How to choose a violin, viola, cello.

Choosing a violin, viola and cello.

1. Price

Are you considering buying a violin, viola, or cello?

Choosing a violin, viola, or cello is not an easy process for the first time buyers.

You don’t need to start with an expensive instrument from the beginning. Use instruments in the affordable price range for practice and beginners. However, affordable does not mean too cheap. Cheap bowed instruments are often not playable and the instruments cannot be tuned.

Never buy the violins under $200 even the buyers left good reviews. The buyers who left the reviews do not know the instrument. They are satisfied with the low price and think they are not very different from properly made and set up instrument. If you plan to use it for a long time or professionally, it’s good to consider a higher-end instrument. Since the choice of strings significantly affects the sound, it’s also a good idea to buy a cheaper instrument and change the strings.

✔️ Dominant strings are commonly used for violin string upgrades! Be aware. There are counterfeit strings on Amazon. If the price is too low compare to other sellers it is mostly counterfeit.

Dominant Violin String Set on Amazon.

2. Variety of Colors

The color/pattern/shine has no correlation with the sound. Choose according to your preference!

3. Health Check

Checking the health status involves looking for ‘cracks.’  it’s a big NO‼️ You might not notice it with just one, so ask to see multiple instruments for comparison. If you order online take it to a violin shop and have them check the condition as soon as possible and return it if there is a crack.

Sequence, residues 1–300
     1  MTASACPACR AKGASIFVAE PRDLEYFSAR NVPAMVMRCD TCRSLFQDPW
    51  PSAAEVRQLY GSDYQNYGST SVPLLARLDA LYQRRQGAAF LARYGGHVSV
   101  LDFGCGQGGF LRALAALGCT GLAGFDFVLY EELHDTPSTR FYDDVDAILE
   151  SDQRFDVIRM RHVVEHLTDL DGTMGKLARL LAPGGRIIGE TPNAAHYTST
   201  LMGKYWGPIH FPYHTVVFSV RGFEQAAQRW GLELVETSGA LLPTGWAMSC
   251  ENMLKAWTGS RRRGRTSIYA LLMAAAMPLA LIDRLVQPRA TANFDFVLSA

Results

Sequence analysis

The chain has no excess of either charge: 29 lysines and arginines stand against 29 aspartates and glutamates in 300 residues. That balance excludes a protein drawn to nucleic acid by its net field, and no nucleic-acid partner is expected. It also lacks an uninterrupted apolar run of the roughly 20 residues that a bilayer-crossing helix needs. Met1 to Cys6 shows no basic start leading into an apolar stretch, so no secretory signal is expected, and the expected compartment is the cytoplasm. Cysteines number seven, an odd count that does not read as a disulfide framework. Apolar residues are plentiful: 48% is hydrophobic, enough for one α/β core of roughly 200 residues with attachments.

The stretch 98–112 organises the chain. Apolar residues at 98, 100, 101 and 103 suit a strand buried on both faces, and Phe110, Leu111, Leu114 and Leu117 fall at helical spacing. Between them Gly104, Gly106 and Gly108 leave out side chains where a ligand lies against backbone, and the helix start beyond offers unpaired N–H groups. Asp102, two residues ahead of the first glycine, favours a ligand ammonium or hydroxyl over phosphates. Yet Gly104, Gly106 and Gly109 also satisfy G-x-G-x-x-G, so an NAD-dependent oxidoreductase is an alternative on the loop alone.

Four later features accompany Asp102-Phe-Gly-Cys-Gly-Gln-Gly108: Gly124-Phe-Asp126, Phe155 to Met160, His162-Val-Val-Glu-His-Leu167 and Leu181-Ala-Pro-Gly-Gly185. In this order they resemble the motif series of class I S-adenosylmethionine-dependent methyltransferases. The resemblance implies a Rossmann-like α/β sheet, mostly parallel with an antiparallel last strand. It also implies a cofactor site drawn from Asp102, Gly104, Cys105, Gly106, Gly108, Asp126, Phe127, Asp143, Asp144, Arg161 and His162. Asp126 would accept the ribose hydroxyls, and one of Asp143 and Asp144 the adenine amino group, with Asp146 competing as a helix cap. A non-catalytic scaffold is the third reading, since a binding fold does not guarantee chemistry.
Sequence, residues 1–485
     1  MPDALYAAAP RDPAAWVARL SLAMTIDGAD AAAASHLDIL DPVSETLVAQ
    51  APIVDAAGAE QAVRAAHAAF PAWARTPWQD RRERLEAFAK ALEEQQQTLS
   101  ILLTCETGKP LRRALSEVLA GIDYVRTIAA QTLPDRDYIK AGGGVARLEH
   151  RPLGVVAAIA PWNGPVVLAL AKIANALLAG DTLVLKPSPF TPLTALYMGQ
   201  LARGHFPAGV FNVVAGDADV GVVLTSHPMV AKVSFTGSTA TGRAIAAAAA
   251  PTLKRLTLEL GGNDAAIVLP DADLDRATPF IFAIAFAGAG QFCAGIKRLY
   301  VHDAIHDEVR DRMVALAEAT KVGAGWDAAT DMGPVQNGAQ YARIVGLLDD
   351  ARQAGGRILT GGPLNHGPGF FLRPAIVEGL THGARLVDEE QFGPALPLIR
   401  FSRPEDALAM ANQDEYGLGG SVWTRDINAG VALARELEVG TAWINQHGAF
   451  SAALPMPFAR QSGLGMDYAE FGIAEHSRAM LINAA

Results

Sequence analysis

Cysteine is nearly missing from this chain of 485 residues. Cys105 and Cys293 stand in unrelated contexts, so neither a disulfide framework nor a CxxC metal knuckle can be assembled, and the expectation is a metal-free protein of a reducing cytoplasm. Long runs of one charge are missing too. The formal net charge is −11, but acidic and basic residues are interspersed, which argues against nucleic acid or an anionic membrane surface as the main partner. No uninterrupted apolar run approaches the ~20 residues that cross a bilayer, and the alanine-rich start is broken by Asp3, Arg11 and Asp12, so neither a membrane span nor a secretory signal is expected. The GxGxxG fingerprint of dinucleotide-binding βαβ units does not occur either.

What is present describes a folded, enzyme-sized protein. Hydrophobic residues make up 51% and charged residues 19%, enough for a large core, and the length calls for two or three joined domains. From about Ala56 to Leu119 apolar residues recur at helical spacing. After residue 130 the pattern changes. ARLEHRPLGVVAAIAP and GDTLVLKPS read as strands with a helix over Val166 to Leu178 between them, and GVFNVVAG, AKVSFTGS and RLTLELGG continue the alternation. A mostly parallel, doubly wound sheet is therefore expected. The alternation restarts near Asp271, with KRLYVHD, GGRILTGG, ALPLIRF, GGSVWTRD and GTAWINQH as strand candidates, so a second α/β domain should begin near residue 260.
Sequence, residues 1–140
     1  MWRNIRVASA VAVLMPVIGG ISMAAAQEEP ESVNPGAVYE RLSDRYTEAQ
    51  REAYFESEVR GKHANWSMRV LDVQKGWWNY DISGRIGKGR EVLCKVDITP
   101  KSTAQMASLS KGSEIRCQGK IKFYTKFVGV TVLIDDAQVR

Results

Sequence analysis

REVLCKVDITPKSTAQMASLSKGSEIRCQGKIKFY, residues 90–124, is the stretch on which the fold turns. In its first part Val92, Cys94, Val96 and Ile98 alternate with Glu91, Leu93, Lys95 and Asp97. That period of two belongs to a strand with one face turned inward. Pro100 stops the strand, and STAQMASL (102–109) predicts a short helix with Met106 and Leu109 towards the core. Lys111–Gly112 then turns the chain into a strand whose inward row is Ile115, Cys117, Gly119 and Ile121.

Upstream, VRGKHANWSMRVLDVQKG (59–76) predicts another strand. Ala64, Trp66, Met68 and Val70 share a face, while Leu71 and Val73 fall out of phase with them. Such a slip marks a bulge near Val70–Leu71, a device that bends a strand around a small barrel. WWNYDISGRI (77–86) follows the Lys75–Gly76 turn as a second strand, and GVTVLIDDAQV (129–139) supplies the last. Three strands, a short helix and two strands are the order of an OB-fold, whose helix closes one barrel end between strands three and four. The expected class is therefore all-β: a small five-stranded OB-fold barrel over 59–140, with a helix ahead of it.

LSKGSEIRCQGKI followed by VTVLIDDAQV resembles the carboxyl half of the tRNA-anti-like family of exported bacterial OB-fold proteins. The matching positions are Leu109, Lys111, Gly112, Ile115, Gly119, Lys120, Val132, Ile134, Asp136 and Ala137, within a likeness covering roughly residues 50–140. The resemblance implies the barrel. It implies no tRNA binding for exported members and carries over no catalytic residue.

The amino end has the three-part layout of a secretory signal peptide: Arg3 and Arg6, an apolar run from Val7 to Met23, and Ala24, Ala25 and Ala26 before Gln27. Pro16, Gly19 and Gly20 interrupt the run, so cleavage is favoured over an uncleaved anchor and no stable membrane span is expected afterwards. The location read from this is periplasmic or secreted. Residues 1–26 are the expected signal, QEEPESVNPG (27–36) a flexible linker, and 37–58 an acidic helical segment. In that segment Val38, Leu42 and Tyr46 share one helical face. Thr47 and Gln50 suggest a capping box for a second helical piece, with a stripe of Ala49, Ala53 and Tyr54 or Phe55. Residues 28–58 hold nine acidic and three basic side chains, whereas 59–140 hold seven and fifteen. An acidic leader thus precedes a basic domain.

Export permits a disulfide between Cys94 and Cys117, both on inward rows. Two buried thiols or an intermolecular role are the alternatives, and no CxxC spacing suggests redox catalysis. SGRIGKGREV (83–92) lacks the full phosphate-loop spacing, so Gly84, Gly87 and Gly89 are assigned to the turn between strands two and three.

4. Bridge

The height of the bridge determines the height of the strings. When you place your fingers on the fingerboard, check if the string height is not too high, causing discomfort. Also, check if the gap between the bridge and nut, where the strings are attached, is consistent.

(Not too close together or too far apart‼️)

If you buy too cheap violin there is a big chance the bridge is not set up properly. Often manufactures do not set up the bridge and the let the retailers do setup. Online sellers for cheap violins do not know how to do it and just ship to the customer. If you order online I recommend take it to a close violin shop and ask if the violin is usable. Return it if they say it is not usable.

6. Bow

The bow is naturally slightly curved inward, and with use, it may become more flexible or change color. Tip📍 When storing the bow, loosen the bow hair slightly to prevent excessive bending or loss of tension. If the bow hair is falling out shortly after purchase, it’s a defect, so be sure to request an exchange.

We recommend the bowed instrument from the trustworthy string instrument shops. Again do not buy violins under $200, Violas under $250 and Cellos under $500.

7. Size

For young beginners choosing a violin, viola and cello start from choosing the right size. There are some websites about choosing the stringed instrument size on the web. Check the websites and ask the instructor if the size is good as soon as you receive the instrument. Ask for exchange if the size is not correct.

Violin, Viola and Cello Structure